Thursday, September 6, 2018

Hair & Hackle Sculpin

      Considering freshwater sculpin (Cottidae) inhabit nearly all trout streams in North America – where they are preyed upon by trout, and especially larger trout – then it stands  as a good idea to carry a few ‘muddlers’, particularly during those times when insects may be scarce, or whenever it might be good to swing or strip a streamer. If you fish big rivers where large trout are likely, then it’s good to have some sculpin patterns in the kit.   

Though there are some species that may reach six inches in length, across the board, the average stream sculpin will be about two inches long. One and a half to about two and a half inches is the size we most often find in trout stomachs. And that size-range of imitations seems generally the most productive, most places we fish in the lower ’48. 

Original Muddler Minnows tied by Don Gapen.
No arguing the effectiveness of Don Gapen’s original Muddler Minnow, maybe the first fly pattern in history dressed to imitate a freshwater sculpin – which Gapen found giant Ontario brook trout feeding on. Unlike the slick, paired-wing version later popularized by Dan Bailey, Gapen’s original was dressed with a natural hair winging (body) extending back beyond the hook bend. 

Gapen tied a lot of versions of the Muddler Minnow, incorporating various types of hair into the dressings – bucktail, bear, squirrel tail, fox – and no doubt the pulse and shimmy of natural hair contributes much to the pattern. Natural hair is formed around a spine which serves as a spring to snap the hair back into place when activated. Natural hair provides more action than artificial hair, which may have a tendency to plaster and mat.

Though a hair body is a good choice in imitating sculpin, I strongly suspect it is the profile of Don Gapen’s pattern, created by the clipped deer hair head, that accounts most for the pattern’s success.  I’ve come to believe that the Muddler’s sculpin profile is more important than matching the natural’s coloration, this evidenced in the fact that the pattern works well dressed as a ‘lure’, in colorations never seen in life yet known to trigger a reaction strike – a blue and purple, or all-black, for example. And I’ve done well on a fire-tiger version.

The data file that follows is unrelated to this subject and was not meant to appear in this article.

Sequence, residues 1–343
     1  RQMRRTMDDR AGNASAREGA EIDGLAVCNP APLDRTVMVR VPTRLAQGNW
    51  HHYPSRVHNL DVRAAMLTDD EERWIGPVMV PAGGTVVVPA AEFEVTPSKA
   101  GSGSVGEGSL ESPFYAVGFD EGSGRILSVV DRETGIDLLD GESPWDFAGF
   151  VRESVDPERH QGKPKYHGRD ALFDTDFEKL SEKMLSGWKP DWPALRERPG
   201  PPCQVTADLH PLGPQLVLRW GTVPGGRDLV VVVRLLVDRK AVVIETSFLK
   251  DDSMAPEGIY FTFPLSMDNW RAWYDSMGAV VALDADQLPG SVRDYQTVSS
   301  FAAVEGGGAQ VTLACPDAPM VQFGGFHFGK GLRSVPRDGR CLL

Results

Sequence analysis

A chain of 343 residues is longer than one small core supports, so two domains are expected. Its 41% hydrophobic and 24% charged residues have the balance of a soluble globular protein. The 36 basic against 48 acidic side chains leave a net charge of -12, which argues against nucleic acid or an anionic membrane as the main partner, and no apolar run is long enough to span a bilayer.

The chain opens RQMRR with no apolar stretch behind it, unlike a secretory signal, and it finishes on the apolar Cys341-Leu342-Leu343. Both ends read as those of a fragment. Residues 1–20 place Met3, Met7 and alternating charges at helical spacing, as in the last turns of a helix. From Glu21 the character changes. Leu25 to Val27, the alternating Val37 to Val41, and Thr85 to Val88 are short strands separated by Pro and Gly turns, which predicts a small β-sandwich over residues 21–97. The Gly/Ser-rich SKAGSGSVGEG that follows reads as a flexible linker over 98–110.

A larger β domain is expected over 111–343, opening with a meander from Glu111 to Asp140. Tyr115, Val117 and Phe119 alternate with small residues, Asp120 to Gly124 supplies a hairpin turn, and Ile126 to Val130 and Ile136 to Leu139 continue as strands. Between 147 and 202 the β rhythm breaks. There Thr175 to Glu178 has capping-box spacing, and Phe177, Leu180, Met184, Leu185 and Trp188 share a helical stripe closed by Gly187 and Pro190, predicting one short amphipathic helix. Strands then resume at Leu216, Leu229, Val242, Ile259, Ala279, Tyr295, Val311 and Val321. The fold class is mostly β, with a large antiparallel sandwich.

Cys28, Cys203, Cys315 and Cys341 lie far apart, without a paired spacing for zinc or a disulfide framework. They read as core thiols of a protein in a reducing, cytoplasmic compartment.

The spinning and clipping of deer hair isn’t one of my favorite tying operations, and if I can find a faster and at least equally effective way around it, I’m all in. Having cycled through a fanciful array of sculpin patterns through the years, the one featured here has risen to the top of my favorite list. The simple dressing provides the sculpin profile and great motion, and invites unlimited creativity blending the spectrum of dyed and natural color choices available.  

Basic construction of the Hair & Hackle Sculpin:

Hook: #2 Mustad 3366-BR (this size works for patterns 2” to 3” long).

Thread: UNI 8/0 or your choice.

Gills: Red tinsel wound over the hook shank.

Body: Tied in as winging. I generally apply at least two layers of bucktail, a few strands of flash tied in between as a lateral line. The Natural Sculpin in the photo is dressed as follows, in order tied in: white bucktail, olive bucktail, 4 strands of copper flash, and topped with fox squirrel tail. The Blue/Purple is blue bucktail, 4 strands of blue/copper flash, topped with purple bucktail. Stack one color on top of the other, each tied in with about six turns of thread and head cement applied to the thread turns each time. Tie in the bucktail about a third of the hook-shank length behind the eye, leaving room for the head. Keep bucktail and hair sparse enough that light will pass through (avoid making a stiff shaving brush out of it).

Head: Kip tail. Apply 3 clumps to form a collar – one on top, and one on each side of the hook shank, tips extended to almost half the body length, the top clump slightly longer.  Tie in each clump with 6 turns of thread and apply head cement to the thread at each tie-in. Trim hair butts to a taper, wind over with thread and apply head cement to the thread wraps. Tie in and wind 2 hackle collars ahead of the kip, the first extending back about half the body length, the last, slightly shorter, wound behind the hook eye. The Natural Sculpin is tied with brown kip fronted with hackle collars of brown pheasant rump and dyed rust-brown pheasant church window body feather. The Blue/Purple is the black-dyed-purple taken from the base of a kip tail, fronted with black hen and natural guinea hen.

I like to fish the Hair Sculpin on a sink-tip, swinging, deep, tickling over the bottom. It is a workhorse pattern for Trout Spey on larger streams. Makes a good bass fly too.